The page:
Windows Time Server


3.2.1 Common Variables
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The following variables are common to two or more of the system, peer and packet classes. Additional variables are specific to the optional authentication mechanism as described in Appendix C. When necessary to distinguish between common variables of the same name, the variable identifier will be used.

Peer Address (peer.peeraddr, pkt.peeraddr), Peer Port (peer.peerport, pkt.peerport): These are the 32-bit Internet address and 16-bit port number of the peer.

Host Address (peer.hostaddr, pkt.hostaddr), Host Port (peer.hostport, pkt.hostport): These are the 32-bit Internet address and 16-bit port number of the host. They are included among the state variables to support multi-homing.

Leap Indicator (sys.leap, peer.leap, pkt.leap): This is a two-bit code warning of an impending leap second to be inserted in the NTP time scale. The bits are set before 23:59 on the day of insertion and reset after 00:00 on the following day. This causes the number of seconds (rollover interval) in the day of insertion to be increased or decreased by one. In the case of primary servers the bits are set by operator intervention, while in the case of secondary servers the bits are set by the protocol. The two bits, bit 0 and bit 1, respectively, are coded as follows:

00
no warning
01
last minute has 61 seconds
10
last minute has 59 seconds
11
alarm condition (clock not synchronized)


In all except the alarm condition (112), NTP itself does nothing with these bits, except pass them on to the time-conversion routines that are not part of NTP. The alarm condition occurs when, for whatever reason, the local clock is not synchronized, such as when first coming up or after an extended period when no primary reference source is available.

Mode (peer.mode, pkt.mode): This is an integer indicating the association mode, with values coded as follows:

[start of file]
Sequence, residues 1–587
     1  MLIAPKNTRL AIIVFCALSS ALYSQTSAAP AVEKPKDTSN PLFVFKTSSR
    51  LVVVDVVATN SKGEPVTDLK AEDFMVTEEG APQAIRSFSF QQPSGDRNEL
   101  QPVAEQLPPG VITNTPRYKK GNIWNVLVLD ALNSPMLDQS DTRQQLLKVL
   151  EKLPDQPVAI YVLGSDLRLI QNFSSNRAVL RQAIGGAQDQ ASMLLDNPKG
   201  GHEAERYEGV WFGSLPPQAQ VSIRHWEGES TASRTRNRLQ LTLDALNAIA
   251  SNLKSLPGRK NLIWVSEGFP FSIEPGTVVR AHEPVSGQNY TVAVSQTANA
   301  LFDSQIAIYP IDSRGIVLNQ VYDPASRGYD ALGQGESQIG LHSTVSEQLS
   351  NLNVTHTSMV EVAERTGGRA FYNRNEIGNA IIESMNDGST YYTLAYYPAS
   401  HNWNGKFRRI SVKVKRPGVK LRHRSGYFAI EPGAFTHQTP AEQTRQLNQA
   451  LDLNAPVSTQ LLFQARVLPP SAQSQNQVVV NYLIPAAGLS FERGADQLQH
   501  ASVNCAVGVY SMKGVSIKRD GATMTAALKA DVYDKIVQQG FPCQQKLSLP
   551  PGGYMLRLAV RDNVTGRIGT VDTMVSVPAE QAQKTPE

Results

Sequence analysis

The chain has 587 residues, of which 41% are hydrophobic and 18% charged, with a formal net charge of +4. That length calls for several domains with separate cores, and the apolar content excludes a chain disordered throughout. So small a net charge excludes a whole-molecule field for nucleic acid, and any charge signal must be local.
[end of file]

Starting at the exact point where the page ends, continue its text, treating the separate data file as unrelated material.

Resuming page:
0
unspecified
1
symmetric active
2
symmetric passive
3
client
4
server
5
broadcast
6
reserved for NTP control messages
7
reserved for private use


Stratum (sys.stratum, peer.stratum, pkt.stratum): This is an integer indicating the stratum of the local clock, with values defined as follows:

0
unspecified
1
primary reference (e.g.,, calibrated atomic clock,, radio clock)
2-255
secondary reference (via NTP)


For comparison purposes a value of zero is considered greater than any other value. Note that the maximum value of the integer encoded as a packet variable is limited by the parameter NTP.MAXSTRATUM.

Poll Interval (sys.poll, peer.hostpoll, peer.peerpoll, pkt.poll): This is a signed integer indicating the minimum interval between transmitted messages, in seconds as a power of two. For instance, a value of six indicates a minimum interval of 64 seconds.

Precision (sys.precision, peer.precision, pkt.precision): This is a signed integer indicating the precision of the various clocks, in seconds to the nearest power of two. The value must be rounded to the next larger power of two; for instance, a 50-Hz (20 ms) or 60-Hz (16.67ms) power-frequency clock would be assigned the value -5 (31.25 ms), while a 1000-Hz (1 ms) crystal-controlled clock would be assigned the value -9 (1.95 ms).

Root Delay (sys.rootdelay, peer.rootdelay, pkt.rootdelay): This is a signed fixed-point number indicating the total roundtrip delay to the primary reference source at the root of the synchronization subnet, in seconds. Note that this variable can take on both positive and negative values, depending on clock precision and skew.

Root Dispersion (sys.rootdispersion, peer.rootdispersion, pkt.rootdispersion): This is a signed fixed-point number indicating the maximum error relative to the primary reference source at the root of the synchronization subnet, in seconds. Only positive values greater than zero are possible.

Reference Clock Identifier (sys.refid, peer.refid, pkt.refid): This is a 32-bit code identifying the particular reference clock. In the case of stratum 0 (unspecified) or stratum 1 (primary reference source), this is a four-octet, left-justified, zero-padded ASCII string, for example (see Appendix A for comprehensive list):

Stratum
Code
Meaning
0
DCN
DCN routing protocol
0
TSP
TSP time protocol
1
ATOM
Atomic clock (calibrated)
1
WWVB
WWVB LF (band 5) radio

1
GOES
GOES UHF (band 9) satellite

1
WWV
WWV HF (band 7) radio



the case of stratum 2 and greater (secondary reference) this is the four-octet Internet address of the peer selected for synchronization.

Reference Timestamp (sys.reftime, peer.reftime, pkt.reftime): This is the local time, in timestamp format, when the local clock was last updated. If the local clock has never been synchronized, the value is
zero.

Originate Timestamp (peer.org, pkt.org): This is the local time, in timestamp format, at the peer when its latest NTP message was sent. If the peer becomes unreachable the value is set to zero.

Receive Timestamp (peer.rec, pkt.rec): This is the local time, in timestamp format, when the latest NTP message from the peer arrived. If the peer becomes unreachable the value is set to zero.

Transmit Timestamp (peer.xmt, pkt.xmt): This is the local time, in timestamp format, at which the NTP message departed the sender.


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